Did you know that every year there’s a big competition for… launching pumpkins? It’s true! Last year, the pumpkin that was launched the farthest traveled almost a whole mile!

In the October Winkle Crate, we taught you how to make your own Pumpkin Chunkin Catapult. To see how it’s done, head to The Winkle YouTube channel for an instructional video that shows you step-by-step how to create a catapult.

A catapult uses potential energy to launch projectiles.

So what is a catapult? A catapult is an ancient weapon used to launch projectiles without the use of explosives.

A projectile is the object that is launched, such as a stone. In our Pumpkin Chunkin Catapult, the pumpkin is the projectile. The path the projectile takes through the air is called the trajectory.  The trajectory is affected by lots of things, like the size and weight of the projectile, for example.

Diagram showing how a catapult works, pointing out the catapult, projectile, and trajectory.

Catapults don’t use explosives to launch. That means you don’t need fire or gunpowder to use a catapult. Other kinds of launchers, like a cannon, need an explosion to send a cannonball flying through the air. Instead of an explosion, catapults use potential energy to launch projectiles.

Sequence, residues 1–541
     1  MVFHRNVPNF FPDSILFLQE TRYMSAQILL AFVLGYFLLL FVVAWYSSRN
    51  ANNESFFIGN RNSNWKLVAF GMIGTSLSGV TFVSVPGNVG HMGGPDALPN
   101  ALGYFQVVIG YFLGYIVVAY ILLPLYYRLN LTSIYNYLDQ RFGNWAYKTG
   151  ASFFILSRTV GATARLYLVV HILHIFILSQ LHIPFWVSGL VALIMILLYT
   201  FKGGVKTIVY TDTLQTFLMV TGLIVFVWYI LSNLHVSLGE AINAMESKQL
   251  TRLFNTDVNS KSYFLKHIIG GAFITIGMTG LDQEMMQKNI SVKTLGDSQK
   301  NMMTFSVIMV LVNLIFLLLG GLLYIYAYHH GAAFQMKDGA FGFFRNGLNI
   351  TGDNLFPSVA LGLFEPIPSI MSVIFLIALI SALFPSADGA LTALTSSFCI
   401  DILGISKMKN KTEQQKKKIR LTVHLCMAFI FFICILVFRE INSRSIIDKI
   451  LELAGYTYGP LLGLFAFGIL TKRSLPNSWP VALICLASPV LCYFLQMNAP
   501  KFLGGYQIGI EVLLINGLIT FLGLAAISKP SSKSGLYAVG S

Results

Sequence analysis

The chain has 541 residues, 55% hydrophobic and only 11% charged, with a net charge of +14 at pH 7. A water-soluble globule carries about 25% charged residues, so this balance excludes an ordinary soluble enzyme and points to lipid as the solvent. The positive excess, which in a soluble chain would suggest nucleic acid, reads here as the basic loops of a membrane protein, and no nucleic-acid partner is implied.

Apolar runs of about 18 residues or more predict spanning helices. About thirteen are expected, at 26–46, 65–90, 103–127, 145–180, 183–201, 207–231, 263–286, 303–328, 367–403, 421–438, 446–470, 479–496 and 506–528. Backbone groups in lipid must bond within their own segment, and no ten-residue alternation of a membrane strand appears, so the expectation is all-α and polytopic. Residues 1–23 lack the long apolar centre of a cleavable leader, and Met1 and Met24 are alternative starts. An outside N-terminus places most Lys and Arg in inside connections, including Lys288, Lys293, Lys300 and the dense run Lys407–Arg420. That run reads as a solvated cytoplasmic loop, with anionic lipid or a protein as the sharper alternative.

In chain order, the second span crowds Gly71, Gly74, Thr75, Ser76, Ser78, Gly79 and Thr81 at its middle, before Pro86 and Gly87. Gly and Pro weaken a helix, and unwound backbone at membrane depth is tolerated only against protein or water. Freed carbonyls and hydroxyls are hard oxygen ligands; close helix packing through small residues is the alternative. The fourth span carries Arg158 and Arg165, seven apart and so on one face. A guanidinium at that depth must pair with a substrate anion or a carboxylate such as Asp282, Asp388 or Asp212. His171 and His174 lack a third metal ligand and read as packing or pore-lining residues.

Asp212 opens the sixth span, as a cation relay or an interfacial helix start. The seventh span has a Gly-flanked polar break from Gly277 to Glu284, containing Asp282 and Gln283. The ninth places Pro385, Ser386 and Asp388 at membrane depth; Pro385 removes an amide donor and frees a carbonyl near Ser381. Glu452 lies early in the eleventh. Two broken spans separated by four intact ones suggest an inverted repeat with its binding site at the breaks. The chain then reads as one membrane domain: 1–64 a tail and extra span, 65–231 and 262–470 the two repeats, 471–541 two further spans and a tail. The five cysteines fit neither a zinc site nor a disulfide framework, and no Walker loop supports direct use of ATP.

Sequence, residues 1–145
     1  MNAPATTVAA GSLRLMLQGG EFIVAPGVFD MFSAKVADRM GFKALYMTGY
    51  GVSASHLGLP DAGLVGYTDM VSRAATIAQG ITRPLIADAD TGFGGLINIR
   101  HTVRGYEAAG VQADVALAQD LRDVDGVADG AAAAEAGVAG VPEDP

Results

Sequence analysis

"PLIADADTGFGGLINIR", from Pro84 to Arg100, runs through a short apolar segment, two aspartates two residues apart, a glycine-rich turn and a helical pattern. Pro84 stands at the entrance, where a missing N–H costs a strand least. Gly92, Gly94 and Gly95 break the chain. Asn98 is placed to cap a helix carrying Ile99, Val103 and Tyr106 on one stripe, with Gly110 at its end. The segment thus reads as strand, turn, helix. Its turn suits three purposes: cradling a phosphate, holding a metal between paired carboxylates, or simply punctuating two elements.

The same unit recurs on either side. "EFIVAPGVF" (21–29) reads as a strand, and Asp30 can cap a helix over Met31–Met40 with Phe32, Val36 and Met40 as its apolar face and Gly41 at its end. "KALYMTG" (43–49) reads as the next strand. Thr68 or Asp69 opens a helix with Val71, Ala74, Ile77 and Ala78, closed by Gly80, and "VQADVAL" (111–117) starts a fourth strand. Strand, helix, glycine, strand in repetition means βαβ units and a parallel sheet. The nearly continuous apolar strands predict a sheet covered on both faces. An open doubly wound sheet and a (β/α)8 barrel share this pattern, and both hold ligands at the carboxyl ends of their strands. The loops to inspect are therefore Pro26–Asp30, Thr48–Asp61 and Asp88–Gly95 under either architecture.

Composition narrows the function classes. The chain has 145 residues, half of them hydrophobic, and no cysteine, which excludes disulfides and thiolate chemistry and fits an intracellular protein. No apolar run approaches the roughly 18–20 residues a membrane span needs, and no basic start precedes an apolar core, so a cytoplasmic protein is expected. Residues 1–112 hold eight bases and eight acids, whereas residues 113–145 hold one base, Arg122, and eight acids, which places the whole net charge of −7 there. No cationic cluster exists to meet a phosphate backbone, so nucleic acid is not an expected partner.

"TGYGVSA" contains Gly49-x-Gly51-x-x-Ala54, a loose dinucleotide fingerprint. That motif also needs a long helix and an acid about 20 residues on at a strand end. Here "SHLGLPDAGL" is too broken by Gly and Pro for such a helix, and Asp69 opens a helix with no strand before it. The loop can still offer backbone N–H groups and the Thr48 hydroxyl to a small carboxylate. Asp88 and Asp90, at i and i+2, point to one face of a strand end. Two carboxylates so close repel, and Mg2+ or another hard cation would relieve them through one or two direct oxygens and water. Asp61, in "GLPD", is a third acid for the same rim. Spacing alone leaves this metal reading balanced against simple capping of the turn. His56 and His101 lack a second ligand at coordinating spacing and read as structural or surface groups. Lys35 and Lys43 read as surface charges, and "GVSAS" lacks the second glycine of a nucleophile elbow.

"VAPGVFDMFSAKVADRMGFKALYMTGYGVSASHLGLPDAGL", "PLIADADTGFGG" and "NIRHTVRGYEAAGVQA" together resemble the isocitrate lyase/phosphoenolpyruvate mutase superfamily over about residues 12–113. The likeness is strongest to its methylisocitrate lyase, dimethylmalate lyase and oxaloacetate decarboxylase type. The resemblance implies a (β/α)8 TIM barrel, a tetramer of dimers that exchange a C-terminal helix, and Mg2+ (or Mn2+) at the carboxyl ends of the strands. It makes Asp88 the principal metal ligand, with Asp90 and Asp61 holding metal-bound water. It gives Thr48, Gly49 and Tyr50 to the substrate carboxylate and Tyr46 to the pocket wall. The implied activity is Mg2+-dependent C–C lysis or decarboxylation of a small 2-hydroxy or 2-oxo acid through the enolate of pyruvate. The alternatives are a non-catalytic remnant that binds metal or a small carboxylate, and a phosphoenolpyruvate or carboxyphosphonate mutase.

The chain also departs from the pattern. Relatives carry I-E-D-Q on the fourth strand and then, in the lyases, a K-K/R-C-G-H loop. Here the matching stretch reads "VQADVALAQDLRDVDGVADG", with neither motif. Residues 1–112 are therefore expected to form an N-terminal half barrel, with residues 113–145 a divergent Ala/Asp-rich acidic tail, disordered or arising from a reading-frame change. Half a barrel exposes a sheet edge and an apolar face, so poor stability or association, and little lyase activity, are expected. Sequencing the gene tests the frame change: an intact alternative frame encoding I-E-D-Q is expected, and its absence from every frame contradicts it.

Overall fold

There are two types of energy: potential energy and kinetic energy. Potential energy is the energy that an object has stored up and is ready to use, because of the position the object is in. Kinetic energy is the energy an object has because of how it is moving.

Imagine a boulder balancing on the edge of a cliff. Before the boulder falls, it has potential energy because it could fall. The potential energy builds up because of the position of the boulder. As soon as the boulder starts to move and fall, the boulder’s energy becomes kinetic.

Catapults are useful because they allow projectiles to be launched farther than a person could normally throw. It would be hard to throw a large stone at a castle wall, but a catapult makes it easy!

Pumpkin Chunkin Capapult, a fun engineering project for kids to learn STEM.

Try it yourself! Experiment with different projectiles in your catapult. Do lighter or heavier objects fly farther? What has the highest trajectory?

For more learning at home resources, check out The Winkle for STEM projects for kids and our blog for free homeschooling lessons, including Plants and Seeds and Pulleys and Simple Machines. Projects are available in The Winkle Crate, our amazing subscription service that makes learning STEM at home fun and easy for kids and parents.

Catapults and potential energy. A free online STEM lesson for kids about potential energy and a catapult STEM project for kids.